Switch# show interfaces gigabitethernet 1/0/46 switchport
Name: Gi1/0/46
Switchport: Enabled
Administrative Mode: dynamic auto
Operational Mode: trunk
Administrative Trunking Encapsulation: negotiate
Negotiation of Trunking: On
Access Mode VLAN: 1 (default)
Trunking Native Mode VLAN: 1 (default)
Administrative Native VLAN tagging: enabled
Voice VLAN: none
Administrative private-vlan host-association: none
Administrative private-vlan mapping: none
Administrative private-vlan trunk native VLAN: none
Administrative private-vlan trunk Native VLAN tagging: enabled
Administrative private-vlan trunk encapsulation: dot1q
Administrative private-vlan trunk normal VLANs: none
Administrative private-vlan trunk private VLANs: none
Operational private-vlan: none
Trunking VLANs Enabled: ALL
Pruning VLANs Enabled: 2-1001
Capture Mode Disabled Capture VLANs Allowed: ALL
Protected: false
Unknown unicast blocked: disabled
Unknown multicast blocked: disabled
Appliance trust: none
Switch#

 

The solution is to configure every switch port to have an expected and controlled behavior, instead of leaving an end-user switch port set to use DTP in auto mode, configure it to static access mode with the following commands:

Switch(config)# interface gi1/0/46
Switch(config-if)# switchport access vlan vlan-id
Switch(config-if)# switchport mode access

 

An end user will never be able to send any type of spoofed traffic that will make the switch port begin trunking. In addition, you need to disable any unused switch ports to prevent someone from discovering a live port that might be exploited.

 

VLAN Hopping

When securing VLAN trunks, also consider the potential for an exploit called VLAN hopping. Here, an attacker positioned on one access VLAN can craft and send frames with spoofed 802.1Q tags so that the packet payloads ultimately appear on a totally different VLAN, all without the use of a router. For this exploit to work, the following conditions must exist in the network configuration:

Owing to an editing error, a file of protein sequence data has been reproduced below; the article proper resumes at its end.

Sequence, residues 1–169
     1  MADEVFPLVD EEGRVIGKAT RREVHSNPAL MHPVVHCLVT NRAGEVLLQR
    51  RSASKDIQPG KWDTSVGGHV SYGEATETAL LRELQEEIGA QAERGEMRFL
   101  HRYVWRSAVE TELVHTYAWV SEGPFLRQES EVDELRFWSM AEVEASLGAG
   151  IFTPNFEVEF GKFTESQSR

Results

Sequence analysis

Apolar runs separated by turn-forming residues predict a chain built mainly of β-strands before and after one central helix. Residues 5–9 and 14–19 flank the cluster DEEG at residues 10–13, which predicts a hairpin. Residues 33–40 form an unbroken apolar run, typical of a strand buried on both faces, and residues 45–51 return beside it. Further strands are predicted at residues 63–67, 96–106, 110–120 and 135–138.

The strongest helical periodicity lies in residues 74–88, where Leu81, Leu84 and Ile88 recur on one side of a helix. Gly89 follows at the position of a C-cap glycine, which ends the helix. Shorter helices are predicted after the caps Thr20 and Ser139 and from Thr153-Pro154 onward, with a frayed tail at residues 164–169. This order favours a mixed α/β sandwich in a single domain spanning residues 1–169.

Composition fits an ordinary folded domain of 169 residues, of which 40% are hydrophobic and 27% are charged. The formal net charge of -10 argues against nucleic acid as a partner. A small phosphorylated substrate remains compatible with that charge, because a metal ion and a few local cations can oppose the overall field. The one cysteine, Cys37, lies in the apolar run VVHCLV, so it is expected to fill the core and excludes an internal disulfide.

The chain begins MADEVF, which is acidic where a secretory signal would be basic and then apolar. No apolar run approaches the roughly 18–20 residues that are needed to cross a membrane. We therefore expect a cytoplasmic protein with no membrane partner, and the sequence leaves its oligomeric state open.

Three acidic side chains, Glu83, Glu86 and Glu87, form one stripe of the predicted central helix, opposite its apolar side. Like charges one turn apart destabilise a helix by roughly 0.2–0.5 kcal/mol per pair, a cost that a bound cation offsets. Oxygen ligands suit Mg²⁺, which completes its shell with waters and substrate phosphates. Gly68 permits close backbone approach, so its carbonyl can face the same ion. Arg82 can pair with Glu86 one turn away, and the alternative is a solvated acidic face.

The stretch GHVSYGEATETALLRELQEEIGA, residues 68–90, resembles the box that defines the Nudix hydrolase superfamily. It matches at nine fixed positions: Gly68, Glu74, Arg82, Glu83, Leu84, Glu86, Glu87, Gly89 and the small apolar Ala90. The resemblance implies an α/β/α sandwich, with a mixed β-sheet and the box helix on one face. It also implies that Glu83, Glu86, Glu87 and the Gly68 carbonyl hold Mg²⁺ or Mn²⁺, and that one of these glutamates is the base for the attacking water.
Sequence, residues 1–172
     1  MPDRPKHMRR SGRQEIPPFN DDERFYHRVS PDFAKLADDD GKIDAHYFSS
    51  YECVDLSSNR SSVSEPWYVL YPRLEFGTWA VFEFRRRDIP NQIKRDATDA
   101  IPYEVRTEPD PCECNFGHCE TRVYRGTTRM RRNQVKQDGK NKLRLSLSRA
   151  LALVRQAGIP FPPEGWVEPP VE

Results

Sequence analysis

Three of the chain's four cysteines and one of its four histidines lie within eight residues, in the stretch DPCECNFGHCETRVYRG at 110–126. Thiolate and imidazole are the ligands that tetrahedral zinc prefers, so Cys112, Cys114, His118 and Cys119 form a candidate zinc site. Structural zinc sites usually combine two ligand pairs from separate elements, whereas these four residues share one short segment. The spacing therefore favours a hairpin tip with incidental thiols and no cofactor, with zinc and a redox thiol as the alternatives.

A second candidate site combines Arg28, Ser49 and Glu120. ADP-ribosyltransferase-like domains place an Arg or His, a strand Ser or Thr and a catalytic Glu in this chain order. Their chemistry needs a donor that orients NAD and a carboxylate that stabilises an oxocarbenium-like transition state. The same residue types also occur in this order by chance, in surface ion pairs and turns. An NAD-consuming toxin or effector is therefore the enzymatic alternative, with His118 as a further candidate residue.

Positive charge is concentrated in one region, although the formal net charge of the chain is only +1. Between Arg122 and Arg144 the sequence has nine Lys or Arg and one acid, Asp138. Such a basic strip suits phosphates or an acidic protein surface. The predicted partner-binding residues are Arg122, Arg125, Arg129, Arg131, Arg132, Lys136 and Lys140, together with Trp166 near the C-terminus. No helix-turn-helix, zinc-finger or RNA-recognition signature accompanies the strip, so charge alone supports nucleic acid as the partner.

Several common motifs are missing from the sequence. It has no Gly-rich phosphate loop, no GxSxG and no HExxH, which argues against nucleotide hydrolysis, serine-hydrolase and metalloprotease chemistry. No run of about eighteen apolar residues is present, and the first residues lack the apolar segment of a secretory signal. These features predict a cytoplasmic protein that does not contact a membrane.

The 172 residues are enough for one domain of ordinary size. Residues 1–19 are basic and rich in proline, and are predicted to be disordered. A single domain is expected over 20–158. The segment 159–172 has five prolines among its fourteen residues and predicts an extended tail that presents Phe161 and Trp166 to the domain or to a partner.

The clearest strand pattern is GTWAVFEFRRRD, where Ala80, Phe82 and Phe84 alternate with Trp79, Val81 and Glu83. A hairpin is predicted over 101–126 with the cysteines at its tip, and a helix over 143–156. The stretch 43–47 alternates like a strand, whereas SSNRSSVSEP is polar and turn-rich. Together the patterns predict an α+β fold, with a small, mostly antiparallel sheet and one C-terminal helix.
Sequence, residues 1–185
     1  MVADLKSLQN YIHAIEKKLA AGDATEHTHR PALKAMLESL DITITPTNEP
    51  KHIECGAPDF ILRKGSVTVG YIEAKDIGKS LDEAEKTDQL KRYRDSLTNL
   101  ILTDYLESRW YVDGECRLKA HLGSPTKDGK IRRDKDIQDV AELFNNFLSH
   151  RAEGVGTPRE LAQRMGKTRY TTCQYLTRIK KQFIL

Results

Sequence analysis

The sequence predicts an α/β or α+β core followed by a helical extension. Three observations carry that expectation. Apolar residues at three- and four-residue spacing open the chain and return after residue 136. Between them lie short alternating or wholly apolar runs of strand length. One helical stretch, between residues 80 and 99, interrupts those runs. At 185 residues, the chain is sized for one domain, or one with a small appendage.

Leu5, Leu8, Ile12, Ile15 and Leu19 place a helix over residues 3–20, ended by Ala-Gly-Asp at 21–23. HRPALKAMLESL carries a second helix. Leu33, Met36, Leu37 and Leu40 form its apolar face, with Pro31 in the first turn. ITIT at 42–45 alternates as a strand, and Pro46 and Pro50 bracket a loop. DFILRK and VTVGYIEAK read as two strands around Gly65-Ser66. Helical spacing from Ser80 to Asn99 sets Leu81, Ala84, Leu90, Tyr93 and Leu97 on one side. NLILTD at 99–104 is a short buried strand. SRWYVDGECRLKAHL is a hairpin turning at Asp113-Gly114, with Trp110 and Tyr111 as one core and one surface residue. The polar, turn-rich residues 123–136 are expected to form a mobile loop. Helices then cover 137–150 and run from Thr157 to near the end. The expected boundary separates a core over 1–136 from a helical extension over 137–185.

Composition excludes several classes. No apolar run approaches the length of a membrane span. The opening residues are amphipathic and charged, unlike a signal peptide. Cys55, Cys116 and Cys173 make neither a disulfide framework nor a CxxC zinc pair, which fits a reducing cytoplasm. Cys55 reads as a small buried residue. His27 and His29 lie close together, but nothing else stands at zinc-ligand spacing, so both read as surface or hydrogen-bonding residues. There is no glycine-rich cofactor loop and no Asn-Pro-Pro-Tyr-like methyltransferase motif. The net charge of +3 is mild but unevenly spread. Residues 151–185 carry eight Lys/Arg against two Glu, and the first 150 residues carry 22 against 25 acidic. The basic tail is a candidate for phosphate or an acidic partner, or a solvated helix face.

• The attacker is connected to an access switch port.
  • The same switch must have an 802.1Q trunk.
  • The trunk must have the attacker’s access VLAN as its native VLAN.

 

The next scenario shows how VLAN hopping works. The attacker, situated on VLAN 10, sends frames that are doubly tagged as if an 802.1Q trunk were being used. The attacker is not connected to a trunk, he is spoofing the trunk encapsulation to trick the switch into making the frames hop over to another VLAN.

VLAN Hopping Attack Process

 

 

 

 

The regular frame (or malicious payload), in this case, is initially given an 802.1Q tag with the VLAN ID of the target VLAN. Then a second bogus 802.1Q tag is added with the attacker’s access VLAN ID.

When the local switch Switch A receives a doubly tagged frame, it decides to forward it out the trunk interface. Because the first tag has the same VLAN ID as the trunk’s native VLAN, that tag is removed as the frame is sent on the trunk. The switch believes that the native VLAN should be untagged, as it should. Now the second (innermost) tag is exposed on the trunk.

When Switch B receives the frame, it examines any 802.1Q tag it finds. The spoofed tag for VLAN 20 is found, so the tag is removed and the frame is forwarded onto VLAN 20. Now the attacker successfully has sent a frame on VLAN 10 and gotten the frame injected onto VLAN 20, all through Layer 2 switching!

The key to this type of attack revolves around the use of untagged native VLANs. You always should carefully configure trunk links with the following steps:

Step 1. Set the native VLAN of a trunk to a bogus or unused VLAN ID.
Step 2. Prune the native VLAN off both ends of the trunk.

 

Suppose that an 802.1Q trunk should carry only VLANs 10 and 20. You should set the native VLAN to an unused value, such as 800. Then you should remove VLAN 800 from the trunk so that it is confined to the trunk link itself. Below example demonstrates how to accomplish this.

Switch(config)# vlan 800
Switch(config-vlan)# name bogus_native
Switch(config-vlan)# exit
Switch(config)# interface gigabitethernet 1/0/1
Switch(config-if)# switchport trunk encapsulation dot1q
Switch(config-if)# switchport trunk native vlan 800
Switch(config-if)# switchport trunk allowed vlan remove 800